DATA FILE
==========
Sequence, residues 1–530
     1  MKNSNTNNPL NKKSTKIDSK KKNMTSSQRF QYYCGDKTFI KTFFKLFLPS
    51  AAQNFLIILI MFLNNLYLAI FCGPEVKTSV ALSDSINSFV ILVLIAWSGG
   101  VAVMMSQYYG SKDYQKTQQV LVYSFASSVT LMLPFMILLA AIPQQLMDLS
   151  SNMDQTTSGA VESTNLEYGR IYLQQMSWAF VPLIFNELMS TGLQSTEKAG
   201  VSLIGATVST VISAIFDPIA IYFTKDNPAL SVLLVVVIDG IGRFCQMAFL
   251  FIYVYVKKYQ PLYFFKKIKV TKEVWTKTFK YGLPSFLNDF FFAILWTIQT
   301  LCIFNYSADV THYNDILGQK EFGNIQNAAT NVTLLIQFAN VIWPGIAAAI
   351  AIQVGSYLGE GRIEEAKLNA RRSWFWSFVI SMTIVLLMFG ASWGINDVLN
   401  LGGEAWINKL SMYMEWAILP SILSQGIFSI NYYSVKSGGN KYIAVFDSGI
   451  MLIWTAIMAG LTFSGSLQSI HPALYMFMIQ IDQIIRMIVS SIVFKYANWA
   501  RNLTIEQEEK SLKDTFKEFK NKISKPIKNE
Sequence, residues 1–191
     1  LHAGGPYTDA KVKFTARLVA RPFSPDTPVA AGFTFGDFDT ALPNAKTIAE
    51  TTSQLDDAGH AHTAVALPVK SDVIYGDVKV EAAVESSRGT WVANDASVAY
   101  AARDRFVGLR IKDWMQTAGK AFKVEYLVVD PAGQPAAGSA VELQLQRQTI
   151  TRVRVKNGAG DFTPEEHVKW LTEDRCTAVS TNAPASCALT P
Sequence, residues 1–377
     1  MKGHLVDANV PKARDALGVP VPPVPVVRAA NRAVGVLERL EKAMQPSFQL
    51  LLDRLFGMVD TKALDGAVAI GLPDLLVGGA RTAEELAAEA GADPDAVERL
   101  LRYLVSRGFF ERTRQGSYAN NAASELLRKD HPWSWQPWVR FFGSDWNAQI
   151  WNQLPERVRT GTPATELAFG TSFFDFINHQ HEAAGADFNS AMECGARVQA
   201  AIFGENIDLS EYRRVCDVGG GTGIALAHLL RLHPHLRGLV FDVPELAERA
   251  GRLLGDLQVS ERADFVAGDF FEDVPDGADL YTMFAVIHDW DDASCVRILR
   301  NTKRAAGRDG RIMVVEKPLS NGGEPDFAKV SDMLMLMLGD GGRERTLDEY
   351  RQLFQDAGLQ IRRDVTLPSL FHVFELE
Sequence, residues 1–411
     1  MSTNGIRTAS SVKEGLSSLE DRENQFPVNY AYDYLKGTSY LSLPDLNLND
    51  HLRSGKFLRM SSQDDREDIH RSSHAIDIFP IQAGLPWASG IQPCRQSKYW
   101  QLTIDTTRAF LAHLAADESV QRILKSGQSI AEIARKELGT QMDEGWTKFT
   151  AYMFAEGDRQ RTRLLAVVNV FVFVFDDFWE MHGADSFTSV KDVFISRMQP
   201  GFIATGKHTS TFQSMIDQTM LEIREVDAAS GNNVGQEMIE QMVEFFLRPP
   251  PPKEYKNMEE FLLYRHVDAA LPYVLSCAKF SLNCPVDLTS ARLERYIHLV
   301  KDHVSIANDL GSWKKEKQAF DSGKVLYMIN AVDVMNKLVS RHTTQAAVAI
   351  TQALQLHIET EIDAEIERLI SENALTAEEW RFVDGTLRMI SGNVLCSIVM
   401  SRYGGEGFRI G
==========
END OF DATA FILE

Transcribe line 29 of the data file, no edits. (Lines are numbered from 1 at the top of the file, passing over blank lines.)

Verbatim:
    51  HLRSGKFLRM SSQDDREDIH RSSHAIDIFP IQAGLPWASG IQPCRQSKYW